The ruling party in Delhi and the primary Opposition in Punjab, the Aam Aadmi Party (AAP) is looking to expand its footprint to other parts of the country.
Earlier this week, AAP’s national convenor Arvind Kejriwal announced that the party intends to fight the Assembly polls in Uttarakhand, make a push in Goa and contest local body elections in places like Mumbai and Ladakh apart from the MCD elections in Delhi.
Senior party leaders involved in chalking out the strategy said that in terms of identifying states to fight elections in, the party is following some markers.
The first, they said, is that the states that the party will seriously target are small states, with elections more than a year away in 2022. “It is not like an experiment to fight elections has not been made before. Punjab was successful but at other places, the response wasn’t great. This time the focus is on building an organisation where we see shoots first. The AAP already has a footprint in Goa, and in all of these states, their size allows us to try and build grassroots workers everywhere,” a senior leader said.
The second marker, the party leaders said, is that most of these states are places which have swayed between two parties and the AAP sees an opportunity to provide a third alternative. “That is why Punjab was successful, when in a first attempt, we became opposition, and were disappointed not to form the government. People wanted a third voice after the Akalis and the Congress. In Goa, our campaign is about how leaders of the BJP and the Congress are the same, and keep switching sides. In Uttarakhand, there is no credible opposition to the BJP,” a senior party leader said.
Apart from its strategy in these small states, the AAP is trying to step up its activities in the politically significant Uttar Pradesh, with party MP Sanjay Singh travelling through the state. “In Uttar Pradesh, we know putting up a credible challenge is very far away. But if you have national ambitions, you need to set your foot in Uttar Pradesh. In the elections there in 2022, the aim will only be to win a few seats if possible, to get ourselves into the Assembly. Singh is a good speaker too and is from near Firozabad and he has clearly got under the BJP government’s skin,” a leader said.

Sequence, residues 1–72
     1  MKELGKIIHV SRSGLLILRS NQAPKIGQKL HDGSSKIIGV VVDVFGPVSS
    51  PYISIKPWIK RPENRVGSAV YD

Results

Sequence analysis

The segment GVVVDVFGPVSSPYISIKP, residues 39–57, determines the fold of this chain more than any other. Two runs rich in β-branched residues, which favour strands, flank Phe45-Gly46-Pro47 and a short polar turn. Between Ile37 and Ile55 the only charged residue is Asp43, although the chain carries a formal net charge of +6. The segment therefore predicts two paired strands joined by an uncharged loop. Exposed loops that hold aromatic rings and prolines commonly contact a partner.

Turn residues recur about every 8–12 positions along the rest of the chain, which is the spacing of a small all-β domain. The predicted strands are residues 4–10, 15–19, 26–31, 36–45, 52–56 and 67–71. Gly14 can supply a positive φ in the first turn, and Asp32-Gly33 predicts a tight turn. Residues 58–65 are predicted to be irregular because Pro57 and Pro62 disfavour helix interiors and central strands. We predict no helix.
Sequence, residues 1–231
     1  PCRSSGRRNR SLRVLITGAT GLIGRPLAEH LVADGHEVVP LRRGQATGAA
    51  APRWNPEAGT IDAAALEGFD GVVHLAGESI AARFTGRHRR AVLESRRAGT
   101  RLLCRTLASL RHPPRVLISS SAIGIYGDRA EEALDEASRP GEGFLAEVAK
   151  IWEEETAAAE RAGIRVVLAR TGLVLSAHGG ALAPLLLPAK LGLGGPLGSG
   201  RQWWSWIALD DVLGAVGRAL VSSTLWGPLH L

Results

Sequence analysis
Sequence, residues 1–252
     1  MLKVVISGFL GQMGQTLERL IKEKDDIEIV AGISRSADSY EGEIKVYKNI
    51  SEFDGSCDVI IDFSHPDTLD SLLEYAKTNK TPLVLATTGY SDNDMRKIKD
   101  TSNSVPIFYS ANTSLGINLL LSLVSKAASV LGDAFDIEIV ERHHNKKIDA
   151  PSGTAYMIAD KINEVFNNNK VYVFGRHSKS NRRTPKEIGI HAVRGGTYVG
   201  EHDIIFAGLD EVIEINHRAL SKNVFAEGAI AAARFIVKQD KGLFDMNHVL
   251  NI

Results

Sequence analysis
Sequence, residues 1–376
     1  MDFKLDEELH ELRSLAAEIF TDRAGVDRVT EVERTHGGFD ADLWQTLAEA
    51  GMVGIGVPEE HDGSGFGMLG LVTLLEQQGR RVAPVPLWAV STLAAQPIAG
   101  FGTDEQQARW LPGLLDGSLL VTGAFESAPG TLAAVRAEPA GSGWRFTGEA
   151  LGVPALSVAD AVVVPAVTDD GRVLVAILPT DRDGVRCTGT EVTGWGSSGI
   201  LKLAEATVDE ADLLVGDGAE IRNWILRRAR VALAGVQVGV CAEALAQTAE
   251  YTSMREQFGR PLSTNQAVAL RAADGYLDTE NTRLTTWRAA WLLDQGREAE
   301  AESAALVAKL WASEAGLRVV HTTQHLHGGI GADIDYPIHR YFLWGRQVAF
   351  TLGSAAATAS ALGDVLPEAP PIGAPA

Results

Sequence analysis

Two days ago, in an apparent reference to Singh, Uttar Pradesh Chief Minister Yogi Adityanath said in the Assembly that a “namuna” from Delhi is raising questions on what the state government did to tackle Covid-19.
While the AAP’s decision to explore its national prospects has again raised questions about how the party will navigate the intricacies of evolving positions on issues such as caste, sources said that over the past two years, especially with its return to power in Delhi, it is clear that the AAP’s selling point is health and education.
“What will happen this time is that we will look for good state-level leaders to help lead campaigns to navigate through the intricacies of the state. Bhagwant Mann has become big in Punjab, and Sanjay Singh’s reputation is growing in UP. But what is clear from our ground reports is that people relate AAP and Kejriwal with hospitals and schools. That is why you are seeing the campaign to distribute oximeters throughout the country called Oxymitra,” a party source said.
In places where the party is unable to contest state elections because of lack of leadership or grassroots workers, it is looking at local body elections. The AAP is likely to fight local polls in Ladakh and Mumbai. “The focus is to steadily build till 2024, to be in a position to take a call and become a voice in Parliament. To grow, we cannot afford to have just one MP in Lok Sabha,” a senior AAP leader said.
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